Suspect in Morrell Park killing freed twice on bail

Suspects charged with murder and those facing gun charges in Maryland can expect to be held without bond pending trial. But twice in the past six months, 18-year-old Brandon Kyle Mitchell has been arrested in shootings — one of them fatal — and was released after posting just $50,000 bail.

Officials acknowledged an error was made when Mitchell was released last week on $50,000 bond on a first-degree murder charge, according to interviews and recordings of court hearings.

But when prosecutors appealed the decision in hopes of having Mitchell held without bond, District Judge Askew W. Gatewood Jr. said Mitchell's good behavior while he was free showed that he could indeed be released on bond. This time, Gatewood set the bond at $250,000, which Mitchell posted.

In determining bail, judges consider the allegations in the case, the victim's record and the risk of flight. Handgun-related charges, particularly murder and attempted-murder cases, typically bring a high bail, if any at all.

Gatewood declined to comment Friday in an email response to a reporter's questions. Though police and prosecutors have in the past been critical of such judicial decisions, police declined to comment and the state's attorney's office said it "respected the judge's decision."

The grandmother of Omar Johnson, the Southwest Baltimore teenager Mitchell is accused of killing, is furious that he is walking freely instead of sitting in a jail cell.

"I'm very angry. I'm very upset, and I'm very mad," Sheila Anderson said after contacting The Baltimore Sun on Thursday. "Tell me how he got a bail. Something is not right with this case."

Mitchell, who lives in Morrell Park, was first taken into custody in early July after he was accused of shooting 37-year-old John Watkins on April 20. At his bail review, Mitchell was ordered held without bond.

Defense attorney Howard L. Cardin said he appealed the decision at a habeas corpus hearing and was able to gain Mitchell's release on $50,000 bond. The case was later dropped by city prosecutors because of insufficient evidence, officials said.

When Mitchell was arrested last week in the June 29 shooting of 16-year-old Johnson, Cardin says, his law partner, James Gitomer, told the judge he believed that prosecutors had refiled charges stemming from the April shooting. They now acknowledge that was a mistake, but Cardin said that Assistant State's Attorney David Chiu didn't dispute the statement.

Believing it was the same case, Gatewood set the same bond — $50,000.

Documents show another city prosecutor, Andrea Mason, became aware of the error and moved to have Mitchell's bail revoked, contending in a motion that Gitomer "made substantial and material misrepresentations to the Court."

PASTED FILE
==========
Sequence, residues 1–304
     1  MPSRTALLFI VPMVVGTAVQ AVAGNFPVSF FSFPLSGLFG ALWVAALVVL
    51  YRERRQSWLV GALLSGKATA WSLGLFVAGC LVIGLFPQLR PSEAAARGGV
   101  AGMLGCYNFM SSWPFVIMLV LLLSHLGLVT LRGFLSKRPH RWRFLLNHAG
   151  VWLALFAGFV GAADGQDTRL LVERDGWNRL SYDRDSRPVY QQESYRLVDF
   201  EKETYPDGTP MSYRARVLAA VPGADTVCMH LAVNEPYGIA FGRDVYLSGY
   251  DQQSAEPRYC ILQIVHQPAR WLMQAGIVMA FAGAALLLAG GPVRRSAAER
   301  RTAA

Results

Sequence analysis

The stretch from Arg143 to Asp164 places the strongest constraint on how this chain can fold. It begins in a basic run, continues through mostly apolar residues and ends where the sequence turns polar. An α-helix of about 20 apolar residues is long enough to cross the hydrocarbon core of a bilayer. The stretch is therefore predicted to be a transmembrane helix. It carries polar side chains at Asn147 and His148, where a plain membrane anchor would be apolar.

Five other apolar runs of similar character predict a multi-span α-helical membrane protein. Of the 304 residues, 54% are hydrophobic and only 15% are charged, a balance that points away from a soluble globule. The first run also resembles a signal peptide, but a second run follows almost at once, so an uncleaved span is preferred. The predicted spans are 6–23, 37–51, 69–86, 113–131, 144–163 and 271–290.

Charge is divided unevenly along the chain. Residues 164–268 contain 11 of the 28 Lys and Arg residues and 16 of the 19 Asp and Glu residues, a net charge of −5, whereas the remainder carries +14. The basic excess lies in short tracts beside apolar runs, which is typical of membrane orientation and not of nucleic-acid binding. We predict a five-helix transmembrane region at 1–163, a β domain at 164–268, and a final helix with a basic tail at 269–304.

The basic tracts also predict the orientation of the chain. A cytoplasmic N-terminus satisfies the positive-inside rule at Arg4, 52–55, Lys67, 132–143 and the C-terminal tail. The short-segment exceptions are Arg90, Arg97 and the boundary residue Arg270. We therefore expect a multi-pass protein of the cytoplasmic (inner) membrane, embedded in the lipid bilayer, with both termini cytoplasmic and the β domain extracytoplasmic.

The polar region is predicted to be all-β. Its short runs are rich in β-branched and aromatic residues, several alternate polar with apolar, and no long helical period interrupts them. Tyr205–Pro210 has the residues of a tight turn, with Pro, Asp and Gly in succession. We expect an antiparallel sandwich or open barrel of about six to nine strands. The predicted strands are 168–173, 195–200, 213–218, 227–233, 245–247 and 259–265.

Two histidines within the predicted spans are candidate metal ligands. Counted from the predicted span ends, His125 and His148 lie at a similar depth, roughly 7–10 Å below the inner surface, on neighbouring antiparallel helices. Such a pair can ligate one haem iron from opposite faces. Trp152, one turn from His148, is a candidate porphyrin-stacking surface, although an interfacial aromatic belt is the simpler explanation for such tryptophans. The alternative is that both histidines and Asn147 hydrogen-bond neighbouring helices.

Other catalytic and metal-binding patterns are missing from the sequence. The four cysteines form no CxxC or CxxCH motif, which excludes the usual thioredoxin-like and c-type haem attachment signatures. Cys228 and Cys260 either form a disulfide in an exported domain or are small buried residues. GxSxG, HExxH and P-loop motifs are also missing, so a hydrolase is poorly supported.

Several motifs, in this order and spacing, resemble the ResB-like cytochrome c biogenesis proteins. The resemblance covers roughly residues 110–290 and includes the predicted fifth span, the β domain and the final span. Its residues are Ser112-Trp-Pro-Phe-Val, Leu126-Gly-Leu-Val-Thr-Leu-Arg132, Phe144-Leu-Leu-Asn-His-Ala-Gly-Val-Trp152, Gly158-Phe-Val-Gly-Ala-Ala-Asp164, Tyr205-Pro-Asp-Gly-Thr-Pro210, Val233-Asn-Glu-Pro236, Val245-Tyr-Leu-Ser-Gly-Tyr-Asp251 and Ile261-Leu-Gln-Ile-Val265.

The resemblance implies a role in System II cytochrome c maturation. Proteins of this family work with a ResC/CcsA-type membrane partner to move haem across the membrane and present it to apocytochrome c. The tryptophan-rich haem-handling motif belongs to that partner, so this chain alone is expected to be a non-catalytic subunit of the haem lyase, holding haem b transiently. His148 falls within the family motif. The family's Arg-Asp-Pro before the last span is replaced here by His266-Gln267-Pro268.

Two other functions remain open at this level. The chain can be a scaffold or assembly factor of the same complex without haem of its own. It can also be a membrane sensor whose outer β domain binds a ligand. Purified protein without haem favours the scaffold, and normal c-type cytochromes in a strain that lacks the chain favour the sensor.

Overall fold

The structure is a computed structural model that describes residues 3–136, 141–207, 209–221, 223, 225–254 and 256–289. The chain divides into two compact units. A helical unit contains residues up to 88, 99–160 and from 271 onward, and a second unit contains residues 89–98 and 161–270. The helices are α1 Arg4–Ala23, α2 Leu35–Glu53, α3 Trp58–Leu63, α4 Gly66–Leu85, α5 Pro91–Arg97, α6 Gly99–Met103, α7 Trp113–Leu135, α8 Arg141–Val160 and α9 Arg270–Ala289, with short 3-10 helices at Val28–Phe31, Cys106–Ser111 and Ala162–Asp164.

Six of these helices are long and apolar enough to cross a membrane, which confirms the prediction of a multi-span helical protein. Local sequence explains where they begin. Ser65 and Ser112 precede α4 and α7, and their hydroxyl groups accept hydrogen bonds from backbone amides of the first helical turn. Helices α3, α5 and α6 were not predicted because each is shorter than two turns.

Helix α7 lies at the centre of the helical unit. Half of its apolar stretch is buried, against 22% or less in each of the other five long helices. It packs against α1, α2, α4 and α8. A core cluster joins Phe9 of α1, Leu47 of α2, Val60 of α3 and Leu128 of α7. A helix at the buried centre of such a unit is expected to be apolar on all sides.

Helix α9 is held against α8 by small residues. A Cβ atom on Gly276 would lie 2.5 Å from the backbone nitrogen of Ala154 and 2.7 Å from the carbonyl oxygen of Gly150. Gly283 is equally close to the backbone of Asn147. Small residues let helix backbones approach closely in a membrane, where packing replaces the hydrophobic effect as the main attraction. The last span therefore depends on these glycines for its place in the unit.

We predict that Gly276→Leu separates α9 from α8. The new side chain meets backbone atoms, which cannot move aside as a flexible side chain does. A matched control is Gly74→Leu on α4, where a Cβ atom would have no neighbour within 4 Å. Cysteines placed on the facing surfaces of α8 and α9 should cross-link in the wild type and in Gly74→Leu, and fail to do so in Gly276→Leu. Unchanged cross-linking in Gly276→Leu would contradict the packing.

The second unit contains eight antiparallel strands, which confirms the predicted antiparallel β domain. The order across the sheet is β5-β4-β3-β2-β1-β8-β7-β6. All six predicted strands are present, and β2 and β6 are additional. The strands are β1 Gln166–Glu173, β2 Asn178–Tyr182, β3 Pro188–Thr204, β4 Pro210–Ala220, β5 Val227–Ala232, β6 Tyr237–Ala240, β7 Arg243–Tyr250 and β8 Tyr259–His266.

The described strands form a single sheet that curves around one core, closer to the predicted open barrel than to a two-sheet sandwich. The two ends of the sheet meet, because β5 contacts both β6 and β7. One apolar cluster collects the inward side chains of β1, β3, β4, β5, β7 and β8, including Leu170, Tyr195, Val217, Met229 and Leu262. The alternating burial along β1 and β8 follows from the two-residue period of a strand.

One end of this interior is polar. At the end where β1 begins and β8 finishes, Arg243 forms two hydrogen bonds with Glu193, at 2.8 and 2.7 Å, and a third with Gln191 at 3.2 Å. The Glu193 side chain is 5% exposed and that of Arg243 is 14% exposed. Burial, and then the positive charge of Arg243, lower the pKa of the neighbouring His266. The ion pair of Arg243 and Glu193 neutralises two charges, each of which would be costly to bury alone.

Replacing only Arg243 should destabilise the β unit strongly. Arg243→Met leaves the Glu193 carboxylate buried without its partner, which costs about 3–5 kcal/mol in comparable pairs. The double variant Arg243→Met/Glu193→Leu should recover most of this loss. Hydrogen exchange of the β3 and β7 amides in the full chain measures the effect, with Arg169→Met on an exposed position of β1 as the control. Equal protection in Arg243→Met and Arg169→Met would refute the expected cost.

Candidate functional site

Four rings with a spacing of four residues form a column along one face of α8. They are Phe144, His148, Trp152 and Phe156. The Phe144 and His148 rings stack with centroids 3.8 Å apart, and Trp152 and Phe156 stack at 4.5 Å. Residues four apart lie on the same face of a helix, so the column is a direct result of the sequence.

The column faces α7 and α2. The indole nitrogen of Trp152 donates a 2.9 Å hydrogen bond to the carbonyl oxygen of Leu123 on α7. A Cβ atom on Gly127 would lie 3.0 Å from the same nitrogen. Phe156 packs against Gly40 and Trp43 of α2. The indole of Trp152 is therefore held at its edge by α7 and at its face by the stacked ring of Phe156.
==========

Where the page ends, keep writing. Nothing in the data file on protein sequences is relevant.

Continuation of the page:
"These are completely separate charges," a prosecutor would later tell Gatewood, according to a recording of the hearing.

In requesting that he be held without bond, Mason said Mitchell "presents a significant risk to public safety" and said his "access to handguns, in and of itself, is alarming." At a Dec. 7 raid at his uncle's home, police recovered three handguns, one believed to be stolen from the Baltimore Police Department, she said.

But at the Dec. 13 appeal hearing, Cardin said his client had turned himself in on both cases and was not a flight risk. Gatewood acknowledged that while the case would typically result in a no-bond status, Mitchell had proved himself eligible for a bond.

"In light of your representation, Mr. Cardin, and Mr. Mitchell's efforts to be here, I have raised the bail to $250,000," Gatewood said, according to the recording.

Cardin said defendants too often receive no bail when home detention could suffice. He said that under typical circumstances, his client would be in jail right now, "but I don't know if that's fair."

Mitchell is innocent, he said, and has the support of neighbors and witnesses to the incident, who Cardin said helped raise the $250,000 property bond.

Anderson, Johnson's grandmother, wondered whether Mitchell, who is white, received different treatment because of his race.

Johnson did not have a juvenile record, according to sources, and his relatives said he regularly attended an after-school mission program at a local church. According to documents, he was shot in the back as he ran from an altercation. He died instantly, records show.

"I'm at the point where I think it's a racial issue," she said. "I don't think with anyone else that mistake would have been made."

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